In fact the blue in this map shows all of the countries invaded by Britain at some point in history.
But since the pop super-group Queen went out of fashion, well, queens have really gone out of fashion. As you can see from the first map, blue Australia, New Zealand, and Canada are yet to grow up and cut ties with their mother country. Also, it’s only a few red countries in which the monarch has really any real power.
Educational Backgrounds of World Leaders
Speaking of leaders, this map shows the educational backgrounds of world leaders.
What are the light purple countries? Those are the places where the head of state has a background in economics or business. The second most common category is the lawyers, shown in yellowy-brown. You can also see the soldiers in red and the scientists in blue.
How Welcoming to Foreigners
This map made by the World Economic Forum shows how countries welcome foreigners. You can see the lands of open arms in soothing blue and the countries of cold stares in hostile red. Surprisingly, famously friendly America ranks somewhere in the middle, behind the three most welcoming countries: Iceland, New Zealand, and Morocco. In deepest red are Bolivia, Venezuela, and Russia; the three places that really don’t want to see you.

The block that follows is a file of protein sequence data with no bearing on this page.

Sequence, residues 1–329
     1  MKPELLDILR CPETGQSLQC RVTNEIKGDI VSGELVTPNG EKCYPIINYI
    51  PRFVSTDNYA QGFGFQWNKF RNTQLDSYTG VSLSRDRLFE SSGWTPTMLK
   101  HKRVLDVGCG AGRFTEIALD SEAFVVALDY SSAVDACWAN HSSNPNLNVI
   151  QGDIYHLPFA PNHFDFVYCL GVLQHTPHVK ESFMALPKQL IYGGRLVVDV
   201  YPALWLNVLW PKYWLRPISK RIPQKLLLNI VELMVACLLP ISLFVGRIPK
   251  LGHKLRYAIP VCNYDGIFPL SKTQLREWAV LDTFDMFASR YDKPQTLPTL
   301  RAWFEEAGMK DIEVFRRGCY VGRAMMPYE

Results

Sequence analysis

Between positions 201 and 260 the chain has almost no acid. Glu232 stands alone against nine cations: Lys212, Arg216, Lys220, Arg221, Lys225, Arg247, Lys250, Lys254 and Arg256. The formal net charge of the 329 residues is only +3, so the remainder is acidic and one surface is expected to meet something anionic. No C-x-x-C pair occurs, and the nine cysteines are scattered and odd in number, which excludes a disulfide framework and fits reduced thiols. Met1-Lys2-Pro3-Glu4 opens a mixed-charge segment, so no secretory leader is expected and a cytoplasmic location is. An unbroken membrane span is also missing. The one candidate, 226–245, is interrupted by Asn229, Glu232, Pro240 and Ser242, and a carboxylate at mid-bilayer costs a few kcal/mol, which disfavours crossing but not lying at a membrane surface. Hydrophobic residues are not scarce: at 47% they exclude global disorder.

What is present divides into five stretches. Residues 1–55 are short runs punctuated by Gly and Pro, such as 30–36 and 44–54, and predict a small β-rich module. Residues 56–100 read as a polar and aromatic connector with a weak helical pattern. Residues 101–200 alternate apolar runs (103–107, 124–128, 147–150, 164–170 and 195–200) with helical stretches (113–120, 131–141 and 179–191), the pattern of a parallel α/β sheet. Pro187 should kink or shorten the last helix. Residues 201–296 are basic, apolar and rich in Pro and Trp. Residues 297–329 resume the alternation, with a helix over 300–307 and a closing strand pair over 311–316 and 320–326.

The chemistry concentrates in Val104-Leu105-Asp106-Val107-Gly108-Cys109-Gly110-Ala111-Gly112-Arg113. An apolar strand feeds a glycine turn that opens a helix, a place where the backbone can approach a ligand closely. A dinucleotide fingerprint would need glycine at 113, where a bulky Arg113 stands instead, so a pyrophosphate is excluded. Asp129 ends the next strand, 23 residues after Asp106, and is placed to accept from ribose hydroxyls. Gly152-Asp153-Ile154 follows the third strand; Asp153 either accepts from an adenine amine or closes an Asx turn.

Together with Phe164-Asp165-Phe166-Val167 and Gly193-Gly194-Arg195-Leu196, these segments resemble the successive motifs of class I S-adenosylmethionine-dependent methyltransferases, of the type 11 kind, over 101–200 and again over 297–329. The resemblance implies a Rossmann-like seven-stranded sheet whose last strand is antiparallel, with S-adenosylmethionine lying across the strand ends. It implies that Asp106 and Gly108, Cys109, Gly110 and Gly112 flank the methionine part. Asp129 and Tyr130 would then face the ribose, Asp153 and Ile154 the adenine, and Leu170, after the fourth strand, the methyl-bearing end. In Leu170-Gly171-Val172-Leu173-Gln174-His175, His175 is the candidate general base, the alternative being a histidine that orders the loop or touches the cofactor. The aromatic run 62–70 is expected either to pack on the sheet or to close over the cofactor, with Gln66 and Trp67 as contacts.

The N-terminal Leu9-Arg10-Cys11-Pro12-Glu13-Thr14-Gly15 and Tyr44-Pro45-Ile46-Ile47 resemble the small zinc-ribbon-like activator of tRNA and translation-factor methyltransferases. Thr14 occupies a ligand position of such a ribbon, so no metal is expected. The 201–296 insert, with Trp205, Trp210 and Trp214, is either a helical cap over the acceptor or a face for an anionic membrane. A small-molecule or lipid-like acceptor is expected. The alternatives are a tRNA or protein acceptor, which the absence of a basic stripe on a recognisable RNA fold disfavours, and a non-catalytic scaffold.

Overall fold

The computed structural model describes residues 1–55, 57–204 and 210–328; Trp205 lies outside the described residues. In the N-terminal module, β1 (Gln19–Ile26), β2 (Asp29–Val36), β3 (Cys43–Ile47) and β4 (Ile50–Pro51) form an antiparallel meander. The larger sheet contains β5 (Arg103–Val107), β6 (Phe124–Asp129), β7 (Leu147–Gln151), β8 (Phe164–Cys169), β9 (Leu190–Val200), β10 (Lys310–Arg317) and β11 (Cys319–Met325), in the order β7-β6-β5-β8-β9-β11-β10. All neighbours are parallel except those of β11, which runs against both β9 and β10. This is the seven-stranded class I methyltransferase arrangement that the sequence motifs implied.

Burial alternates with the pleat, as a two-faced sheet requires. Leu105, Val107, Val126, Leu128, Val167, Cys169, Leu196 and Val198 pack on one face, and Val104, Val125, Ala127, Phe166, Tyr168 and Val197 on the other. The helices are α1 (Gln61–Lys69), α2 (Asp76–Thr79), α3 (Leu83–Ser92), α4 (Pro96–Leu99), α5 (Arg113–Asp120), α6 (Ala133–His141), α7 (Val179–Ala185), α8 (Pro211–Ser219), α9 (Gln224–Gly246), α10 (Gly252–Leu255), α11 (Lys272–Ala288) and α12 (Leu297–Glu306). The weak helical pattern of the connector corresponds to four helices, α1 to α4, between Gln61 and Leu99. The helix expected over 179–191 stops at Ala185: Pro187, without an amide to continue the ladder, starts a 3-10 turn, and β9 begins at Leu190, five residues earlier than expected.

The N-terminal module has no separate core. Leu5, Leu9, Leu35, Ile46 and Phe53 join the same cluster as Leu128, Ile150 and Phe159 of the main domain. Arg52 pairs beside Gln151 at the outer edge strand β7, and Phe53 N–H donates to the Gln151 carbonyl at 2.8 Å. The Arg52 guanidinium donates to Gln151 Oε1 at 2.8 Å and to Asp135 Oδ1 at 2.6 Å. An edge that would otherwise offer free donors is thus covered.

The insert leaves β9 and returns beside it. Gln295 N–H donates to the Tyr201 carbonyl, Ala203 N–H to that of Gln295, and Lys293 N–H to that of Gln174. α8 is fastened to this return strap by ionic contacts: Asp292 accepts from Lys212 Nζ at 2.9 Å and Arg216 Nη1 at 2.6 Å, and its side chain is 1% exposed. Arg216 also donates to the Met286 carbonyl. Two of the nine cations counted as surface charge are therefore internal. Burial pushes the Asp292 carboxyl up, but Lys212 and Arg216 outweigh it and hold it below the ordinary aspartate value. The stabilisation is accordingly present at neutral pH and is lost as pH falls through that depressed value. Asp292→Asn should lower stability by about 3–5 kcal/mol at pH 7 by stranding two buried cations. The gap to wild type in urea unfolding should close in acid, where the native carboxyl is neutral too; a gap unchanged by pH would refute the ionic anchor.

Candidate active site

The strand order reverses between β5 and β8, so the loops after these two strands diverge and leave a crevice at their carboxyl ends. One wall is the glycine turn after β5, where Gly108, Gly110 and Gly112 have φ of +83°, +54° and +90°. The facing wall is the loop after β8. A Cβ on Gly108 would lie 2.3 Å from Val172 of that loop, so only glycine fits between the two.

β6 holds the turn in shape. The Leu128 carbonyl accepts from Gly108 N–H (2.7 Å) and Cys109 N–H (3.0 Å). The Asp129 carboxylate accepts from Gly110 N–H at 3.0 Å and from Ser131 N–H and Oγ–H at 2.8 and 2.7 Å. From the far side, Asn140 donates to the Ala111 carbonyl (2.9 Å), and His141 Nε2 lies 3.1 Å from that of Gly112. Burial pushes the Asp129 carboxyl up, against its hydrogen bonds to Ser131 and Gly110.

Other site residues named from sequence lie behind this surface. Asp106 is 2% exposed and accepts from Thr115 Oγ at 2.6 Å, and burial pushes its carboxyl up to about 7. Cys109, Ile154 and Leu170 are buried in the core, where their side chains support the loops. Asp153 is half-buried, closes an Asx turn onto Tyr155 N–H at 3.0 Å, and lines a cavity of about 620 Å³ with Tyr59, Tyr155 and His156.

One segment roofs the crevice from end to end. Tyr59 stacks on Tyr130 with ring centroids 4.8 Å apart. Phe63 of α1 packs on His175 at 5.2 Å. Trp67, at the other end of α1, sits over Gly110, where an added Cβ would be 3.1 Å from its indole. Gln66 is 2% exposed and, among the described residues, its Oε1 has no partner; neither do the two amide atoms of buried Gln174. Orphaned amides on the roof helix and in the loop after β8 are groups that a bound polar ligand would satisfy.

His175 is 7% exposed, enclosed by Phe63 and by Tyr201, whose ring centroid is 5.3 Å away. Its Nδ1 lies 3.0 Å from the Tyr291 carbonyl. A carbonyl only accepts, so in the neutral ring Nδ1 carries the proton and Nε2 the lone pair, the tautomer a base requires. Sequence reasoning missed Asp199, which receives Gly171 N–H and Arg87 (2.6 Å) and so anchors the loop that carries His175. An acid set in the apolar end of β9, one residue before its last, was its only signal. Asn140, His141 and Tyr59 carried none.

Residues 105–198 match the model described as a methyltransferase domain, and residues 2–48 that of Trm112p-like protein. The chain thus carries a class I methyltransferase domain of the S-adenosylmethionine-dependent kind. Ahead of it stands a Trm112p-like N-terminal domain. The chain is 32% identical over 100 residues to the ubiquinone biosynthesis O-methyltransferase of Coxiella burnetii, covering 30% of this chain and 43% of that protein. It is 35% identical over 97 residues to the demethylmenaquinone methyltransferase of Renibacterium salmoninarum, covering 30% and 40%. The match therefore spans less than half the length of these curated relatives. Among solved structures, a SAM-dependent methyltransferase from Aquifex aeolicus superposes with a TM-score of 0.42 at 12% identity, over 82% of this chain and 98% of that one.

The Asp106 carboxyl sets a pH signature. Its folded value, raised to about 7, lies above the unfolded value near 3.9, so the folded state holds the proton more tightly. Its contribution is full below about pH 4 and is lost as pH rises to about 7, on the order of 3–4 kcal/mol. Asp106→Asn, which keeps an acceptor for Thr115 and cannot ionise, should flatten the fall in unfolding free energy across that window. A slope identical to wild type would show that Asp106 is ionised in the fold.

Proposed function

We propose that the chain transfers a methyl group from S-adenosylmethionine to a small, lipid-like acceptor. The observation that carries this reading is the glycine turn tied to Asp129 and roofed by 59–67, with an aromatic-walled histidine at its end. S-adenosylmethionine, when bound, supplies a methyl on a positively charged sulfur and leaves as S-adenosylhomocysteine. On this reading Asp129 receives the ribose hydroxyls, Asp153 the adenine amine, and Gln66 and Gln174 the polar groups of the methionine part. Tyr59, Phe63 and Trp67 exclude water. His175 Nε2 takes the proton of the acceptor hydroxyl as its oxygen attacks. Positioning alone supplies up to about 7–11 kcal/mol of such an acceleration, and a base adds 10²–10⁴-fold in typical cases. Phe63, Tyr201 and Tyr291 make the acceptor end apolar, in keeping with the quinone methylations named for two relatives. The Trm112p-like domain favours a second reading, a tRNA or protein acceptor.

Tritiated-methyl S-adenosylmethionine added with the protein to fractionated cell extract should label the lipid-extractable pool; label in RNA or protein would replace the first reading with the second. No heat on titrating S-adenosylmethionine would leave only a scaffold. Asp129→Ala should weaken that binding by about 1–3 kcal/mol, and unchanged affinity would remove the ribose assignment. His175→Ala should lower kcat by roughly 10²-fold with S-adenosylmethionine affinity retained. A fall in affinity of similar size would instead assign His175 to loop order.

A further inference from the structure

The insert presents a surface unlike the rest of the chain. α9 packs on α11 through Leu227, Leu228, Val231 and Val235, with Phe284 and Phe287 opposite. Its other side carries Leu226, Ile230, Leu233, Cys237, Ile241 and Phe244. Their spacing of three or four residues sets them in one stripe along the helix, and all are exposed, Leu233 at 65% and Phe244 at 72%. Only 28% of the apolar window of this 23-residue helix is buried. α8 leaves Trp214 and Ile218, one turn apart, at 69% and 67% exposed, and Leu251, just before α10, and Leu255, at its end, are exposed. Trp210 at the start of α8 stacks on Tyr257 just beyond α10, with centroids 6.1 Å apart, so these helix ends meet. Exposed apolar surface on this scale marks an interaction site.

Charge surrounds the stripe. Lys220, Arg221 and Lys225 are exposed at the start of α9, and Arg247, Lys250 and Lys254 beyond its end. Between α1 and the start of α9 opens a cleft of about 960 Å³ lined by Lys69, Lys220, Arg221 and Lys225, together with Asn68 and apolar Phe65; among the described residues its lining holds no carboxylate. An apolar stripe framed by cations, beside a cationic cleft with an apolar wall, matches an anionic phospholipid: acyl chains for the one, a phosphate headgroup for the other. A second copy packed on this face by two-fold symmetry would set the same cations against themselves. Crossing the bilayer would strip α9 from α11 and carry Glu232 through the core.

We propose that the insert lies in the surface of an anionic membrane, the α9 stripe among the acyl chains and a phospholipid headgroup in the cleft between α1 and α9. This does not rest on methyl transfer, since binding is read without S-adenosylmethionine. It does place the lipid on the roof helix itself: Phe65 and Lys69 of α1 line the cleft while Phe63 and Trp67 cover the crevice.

Freedom of Press
Here we can see that much of the world isn’t very welcoming to journalists, either. The black and the red countries show the places where the press certainly isn’t free. The orange shows where there are noticeable problems. It’s only in the yellow and white countries where the situation is satisfactory or good, which surprisingly includes countries like the United States and the UK.
Average Height for Males by Countries
Here we can see the world by height, with the Nordic giants in a healthy red and the more vertically challenged people represented in blue.
Prevalence of Obesity
After height comes width, which we can find out by the most obese countries in the world, which are shown in red.
Twin North American fatties the United States and Mexico are joined by a helping of South Africa and there’s lots of bad cholesterol in North Africa as well. Part of the reason for them is increased sedentary lifestyles and higher fat intakes. Opposite them Asia has slimmed right down, ready for beach season.
Deadly Sins Map